Echoing the Ambassador’s enthusiasm for the project USTDA’s Regional Director for Sub-Saharan Africa, Heathen Lanigan said “USTDA is proud to support the partnership between a U.S. company and a Ghanaian company. This project is expected to support jobs in both of our countries and to improve the quality of life for many Ghanaians.”
USTDA provides grant funding for feasibility studies for public or private sector infrastructure projects in Ghana and in other middle or low income countries around the world. These grants help meet USTDA’s dual mission of helping ensure the development of sustainable infrastructure projects and helping support the use of U.S. equipment and services.
Strategic Security Systems International Limited’s Chairman, Dr. Francis Akuamoah Boateng noted, “We hope this new partnership will mark the first of many projects together. Solar power is an incredible opportunity for Ghana.” The company’s subsidiary, SPS, has 150 Ghanaian employees, with 18 satellite offices throughout Ghana. SPS has an annual production capacity of 32MWp of solar panels, and, with an expansion underway, it will have the capacity to produce 165 MWp of solar panels annually.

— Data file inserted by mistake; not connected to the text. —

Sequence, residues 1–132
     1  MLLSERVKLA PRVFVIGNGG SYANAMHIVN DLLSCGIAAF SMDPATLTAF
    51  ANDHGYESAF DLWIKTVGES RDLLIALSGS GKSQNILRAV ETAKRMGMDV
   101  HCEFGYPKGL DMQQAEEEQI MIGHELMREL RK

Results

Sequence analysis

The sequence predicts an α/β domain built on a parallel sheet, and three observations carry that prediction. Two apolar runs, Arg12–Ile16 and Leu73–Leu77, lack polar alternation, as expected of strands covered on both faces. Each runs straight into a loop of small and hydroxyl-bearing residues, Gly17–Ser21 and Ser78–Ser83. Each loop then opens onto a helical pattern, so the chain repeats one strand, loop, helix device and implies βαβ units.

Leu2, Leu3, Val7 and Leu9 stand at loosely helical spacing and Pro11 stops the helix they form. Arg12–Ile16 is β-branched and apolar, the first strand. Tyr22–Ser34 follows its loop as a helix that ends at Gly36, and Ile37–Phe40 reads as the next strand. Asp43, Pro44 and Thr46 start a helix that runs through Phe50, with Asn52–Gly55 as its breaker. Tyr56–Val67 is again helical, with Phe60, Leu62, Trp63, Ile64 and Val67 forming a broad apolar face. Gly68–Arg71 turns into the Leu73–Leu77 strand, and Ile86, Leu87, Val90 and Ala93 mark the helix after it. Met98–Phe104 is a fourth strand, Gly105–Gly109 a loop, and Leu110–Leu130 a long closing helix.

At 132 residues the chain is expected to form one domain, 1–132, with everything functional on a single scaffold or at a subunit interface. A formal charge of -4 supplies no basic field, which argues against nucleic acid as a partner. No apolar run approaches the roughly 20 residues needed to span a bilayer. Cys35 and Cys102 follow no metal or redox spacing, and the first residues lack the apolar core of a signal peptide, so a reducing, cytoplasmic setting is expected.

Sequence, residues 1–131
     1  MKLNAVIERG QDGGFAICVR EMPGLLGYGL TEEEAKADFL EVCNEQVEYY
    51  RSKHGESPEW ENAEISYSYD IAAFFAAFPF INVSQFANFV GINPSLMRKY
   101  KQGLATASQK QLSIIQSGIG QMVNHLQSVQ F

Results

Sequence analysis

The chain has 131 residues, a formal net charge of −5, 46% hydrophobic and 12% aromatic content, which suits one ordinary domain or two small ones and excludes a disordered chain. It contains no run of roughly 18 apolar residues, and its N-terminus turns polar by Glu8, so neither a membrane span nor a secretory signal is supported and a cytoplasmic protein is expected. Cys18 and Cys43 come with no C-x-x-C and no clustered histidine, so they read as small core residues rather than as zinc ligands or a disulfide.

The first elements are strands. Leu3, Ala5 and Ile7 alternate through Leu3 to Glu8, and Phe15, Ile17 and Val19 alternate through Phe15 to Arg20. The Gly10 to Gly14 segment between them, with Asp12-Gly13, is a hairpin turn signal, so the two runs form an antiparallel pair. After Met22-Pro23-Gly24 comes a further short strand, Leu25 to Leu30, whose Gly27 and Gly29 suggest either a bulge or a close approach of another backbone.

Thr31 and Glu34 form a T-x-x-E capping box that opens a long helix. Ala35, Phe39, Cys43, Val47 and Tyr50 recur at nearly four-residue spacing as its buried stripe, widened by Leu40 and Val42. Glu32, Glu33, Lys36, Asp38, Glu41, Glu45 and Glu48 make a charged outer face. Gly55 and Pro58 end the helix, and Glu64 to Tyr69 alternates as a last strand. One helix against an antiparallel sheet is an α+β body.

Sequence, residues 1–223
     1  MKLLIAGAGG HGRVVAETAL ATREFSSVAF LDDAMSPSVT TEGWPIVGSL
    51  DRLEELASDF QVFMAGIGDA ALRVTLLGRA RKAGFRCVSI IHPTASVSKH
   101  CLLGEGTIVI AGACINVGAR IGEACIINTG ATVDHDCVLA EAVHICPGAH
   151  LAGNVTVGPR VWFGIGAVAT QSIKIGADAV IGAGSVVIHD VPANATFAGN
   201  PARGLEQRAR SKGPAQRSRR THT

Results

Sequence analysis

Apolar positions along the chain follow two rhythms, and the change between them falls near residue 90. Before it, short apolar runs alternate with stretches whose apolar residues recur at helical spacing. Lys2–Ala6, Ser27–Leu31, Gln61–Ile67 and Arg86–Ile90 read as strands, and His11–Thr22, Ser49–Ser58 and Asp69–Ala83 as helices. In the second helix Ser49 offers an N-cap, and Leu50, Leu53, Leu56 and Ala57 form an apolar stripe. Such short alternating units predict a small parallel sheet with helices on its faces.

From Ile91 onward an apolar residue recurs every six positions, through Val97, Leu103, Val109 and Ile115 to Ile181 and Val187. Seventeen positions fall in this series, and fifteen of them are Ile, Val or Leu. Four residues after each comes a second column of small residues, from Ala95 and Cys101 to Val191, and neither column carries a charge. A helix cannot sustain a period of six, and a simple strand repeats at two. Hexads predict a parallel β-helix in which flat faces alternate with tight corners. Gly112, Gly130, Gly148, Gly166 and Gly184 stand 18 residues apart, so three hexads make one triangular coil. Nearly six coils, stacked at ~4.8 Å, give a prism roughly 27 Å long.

AEG International President Tod Skinner said: “This project will benefit [Ghanaians] by bringing solar power to schools, clinics, hospitals, and other facilities. AEG International is proud to partner with SPS and Strategic Security Systems International to create jobs in both of our countries and be part of a project expected to have such great impact in Ghana.” AEG International is based in Charlotte, North Carolina, where its engineers design and build products used in over 20 countries, including Tanzania, the Democratic Republic of the Congo, Kenya, Ethiopia, Liberia, Rwanda, and Nigeria, with plans to expand its presence in Africa.
Read the Ambassador’s full remarks below.